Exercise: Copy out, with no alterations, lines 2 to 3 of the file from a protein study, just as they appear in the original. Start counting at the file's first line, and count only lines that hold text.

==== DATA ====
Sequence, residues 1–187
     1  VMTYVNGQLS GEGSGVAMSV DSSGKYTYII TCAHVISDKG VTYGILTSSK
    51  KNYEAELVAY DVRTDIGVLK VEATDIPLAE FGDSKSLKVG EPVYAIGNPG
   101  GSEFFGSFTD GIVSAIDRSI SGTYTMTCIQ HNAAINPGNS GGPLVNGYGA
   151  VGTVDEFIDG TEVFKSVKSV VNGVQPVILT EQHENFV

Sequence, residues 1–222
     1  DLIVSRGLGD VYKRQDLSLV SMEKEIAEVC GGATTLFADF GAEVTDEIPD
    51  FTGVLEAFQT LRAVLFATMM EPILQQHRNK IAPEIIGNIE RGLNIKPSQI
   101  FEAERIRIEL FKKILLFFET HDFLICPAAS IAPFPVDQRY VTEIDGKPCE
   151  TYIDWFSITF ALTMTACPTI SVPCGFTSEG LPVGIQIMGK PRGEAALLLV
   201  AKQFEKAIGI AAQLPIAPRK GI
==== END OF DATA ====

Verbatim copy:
     1  VMTYVNGQLS GEGSGVAMSV DSSGKYTYII TCAHVISDKG VTYGILTSSK
    51  KNYEAELVAY DVRTDIGVLK VEATDIPLAE FGDSKSLKVG EPVYAIGNPG